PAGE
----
Lathes are designated according to their different types. Among these are (1) hand lathes; (2) machine lathes; (3) gap lathes, and (4) turret lathes.

The hand lathe was mentioned with the machinery of the pattern shop. This lathe is frequently made small enough to be mounted on a bench and is called a bench lathe.

The machine lathe, a type contrasted with the hand lathe, cuts metals by a tool fastened on the lathe carriage. A small machine lathe may be driven by foot power and is called a foot lathe. A machine lathe is designated as a screw-cutting lathe when it is equipped with a leading screw and change wheels for cutting threads.

Fig. 173.   Turret of a Turret Lathe.

Fig. 173. - Turret of a Turret Lathe.

Many small lathes have no live centers nor tail stocks. A chuck is screwed on the main spindle to hold a rod which is turned to shape as in the screw-cutting machine. This type is called the chucking lathe.

Large machine lathes are built to run at suitable speed for rapid cutting made possible by high-speed steel, and are designated as high-speed lathes, confusing them with small lathes run at high speed.

A very important modification of the machine lathe is the gap lathe. This lathe is built to be of use through a very wide range of ordinary work, and is intended for a shop of limited equipment. It differs from the lathe described in the preceding paragraph by having a gap in the bed just under the end of the main spindle to provide for carrying a very large face plate which holds flat work of large diameter. The lathe bed is very deep and is made in two sections divided horizontally. The upper section, which carries the carriage and the tail stock, may be slid along the lower part of the bed to open the gap under the edge of the face plate.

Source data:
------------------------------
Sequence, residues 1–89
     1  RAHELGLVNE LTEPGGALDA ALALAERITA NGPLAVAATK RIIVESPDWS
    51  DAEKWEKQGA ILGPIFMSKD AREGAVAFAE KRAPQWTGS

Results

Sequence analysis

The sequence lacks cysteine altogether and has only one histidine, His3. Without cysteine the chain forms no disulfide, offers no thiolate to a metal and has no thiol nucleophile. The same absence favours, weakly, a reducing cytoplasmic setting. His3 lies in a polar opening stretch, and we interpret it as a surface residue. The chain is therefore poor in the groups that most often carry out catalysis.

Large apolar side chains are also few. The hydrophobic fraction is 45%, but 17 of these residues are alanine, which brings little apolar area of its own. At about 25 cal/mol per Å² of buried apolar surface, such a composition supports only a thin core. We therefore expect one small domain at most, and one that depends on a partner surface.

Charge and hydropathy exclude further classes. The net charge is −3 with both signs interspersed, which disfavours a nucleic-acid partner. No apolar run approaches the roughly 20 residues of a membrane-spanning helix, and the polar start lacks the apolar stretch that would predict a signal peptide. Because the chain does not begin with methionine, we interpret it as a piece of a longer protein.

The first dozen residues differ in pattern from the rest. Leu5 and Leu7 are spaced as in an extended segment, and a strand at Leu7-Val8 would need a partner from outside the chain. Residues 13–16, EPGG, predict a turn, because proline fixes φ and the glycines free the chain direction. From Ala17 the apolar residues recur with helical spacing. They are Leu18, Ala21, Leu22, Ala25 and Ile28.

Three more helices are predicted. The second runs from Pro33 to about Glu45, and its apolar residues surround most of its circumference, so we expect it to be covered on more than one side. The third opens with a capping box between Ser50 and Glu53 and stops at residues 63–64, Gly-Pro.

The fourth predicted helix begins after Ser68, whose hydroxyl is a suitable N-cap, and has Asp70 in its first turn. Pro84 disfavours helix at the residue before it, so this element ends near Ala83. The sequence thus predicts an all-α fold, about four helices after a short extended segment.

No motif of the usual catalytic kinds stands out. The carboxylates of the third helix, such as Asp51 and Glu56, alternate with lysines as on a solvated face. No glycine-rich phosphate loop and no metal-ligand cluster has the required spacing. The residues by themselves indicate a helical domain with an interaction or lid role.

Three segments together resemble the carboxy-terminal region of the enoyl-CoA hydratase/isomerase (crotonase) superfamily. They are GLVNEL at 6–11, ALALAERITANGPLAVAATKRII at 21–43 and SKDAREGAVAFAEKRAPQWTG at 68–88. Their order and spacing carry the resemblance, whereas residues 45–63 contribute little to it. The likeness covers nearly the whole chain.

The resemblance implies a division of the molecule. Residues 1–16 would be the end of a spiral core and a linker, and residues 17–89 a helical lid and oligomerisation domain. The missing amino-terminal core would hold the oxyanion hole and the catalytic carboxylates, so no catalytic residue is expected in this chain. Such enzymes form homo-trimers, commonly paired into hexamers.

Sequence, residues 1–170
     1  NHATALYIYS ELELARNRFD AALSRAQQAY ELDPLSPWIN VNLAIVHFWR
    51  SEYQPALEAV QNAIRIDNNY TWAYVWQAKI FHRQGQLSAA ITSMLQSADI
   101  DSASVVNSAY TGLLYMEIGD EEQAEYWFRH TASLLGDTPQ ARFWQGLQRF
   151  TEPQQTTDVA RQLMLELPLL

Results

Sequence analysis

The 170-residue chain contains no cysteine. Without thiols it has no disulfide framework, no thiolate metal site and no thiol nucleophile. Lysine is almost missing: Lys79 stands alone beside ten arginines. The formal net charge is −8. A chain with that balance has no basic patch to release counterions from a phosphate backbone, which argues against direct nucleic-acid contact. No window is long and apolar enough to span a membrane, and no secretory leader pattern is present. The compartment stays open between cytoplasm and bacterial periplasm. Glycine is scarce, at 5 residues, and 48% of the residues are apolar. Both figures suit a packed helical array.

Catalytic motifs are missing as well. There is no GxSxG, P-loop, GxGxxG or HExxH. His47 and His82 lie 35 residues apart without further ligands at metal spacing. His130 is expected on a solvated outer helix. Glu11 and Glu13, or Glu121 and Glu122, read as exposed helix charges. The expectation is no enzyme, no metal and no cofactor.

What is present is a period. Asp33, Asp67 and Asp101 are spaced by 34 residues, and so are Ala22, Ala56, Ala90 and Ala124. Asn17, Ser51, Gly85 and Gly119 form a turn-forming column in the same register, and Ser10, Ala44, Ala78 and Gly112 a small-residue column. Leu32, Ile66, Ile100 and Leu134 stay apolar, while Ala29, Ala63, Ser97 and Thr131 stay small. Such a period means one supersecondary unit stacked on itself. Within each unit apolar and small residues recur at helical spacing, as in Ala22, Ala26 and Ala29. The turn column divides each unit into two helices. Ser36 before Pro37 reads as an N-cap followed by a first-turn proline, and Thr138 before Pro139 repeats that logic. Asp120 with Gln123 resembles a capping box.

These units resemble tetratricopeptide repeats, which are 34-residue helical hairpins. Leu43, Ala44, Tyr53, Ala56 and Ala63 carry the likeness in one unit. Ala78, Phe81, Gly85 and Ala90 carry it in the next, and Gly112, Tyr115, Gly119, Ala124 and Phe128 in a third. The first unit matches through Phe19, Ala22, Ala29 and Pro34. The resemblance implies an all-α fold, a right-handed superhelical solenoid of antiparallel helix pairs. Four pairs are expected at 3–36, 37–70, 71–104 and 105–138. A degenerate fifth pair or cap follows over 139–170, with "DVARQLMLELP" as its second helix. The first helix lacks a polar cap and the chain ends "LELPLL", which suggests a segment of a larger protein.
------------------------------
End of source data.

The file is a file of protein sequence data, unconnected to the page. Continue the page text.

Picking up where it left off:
The feature of the turret or monitor lathe is shown in Fig. 173. The tail stock is displaced by a turret T which carries several tools which are used in consecutive order on the piece of work held in the chuck C. The turret is mounted on a vertical spindle on the slide S. This slide is moved to carry the tools into contact with or away from the work by the long hand-bars. This lathe saves much time in changing tools.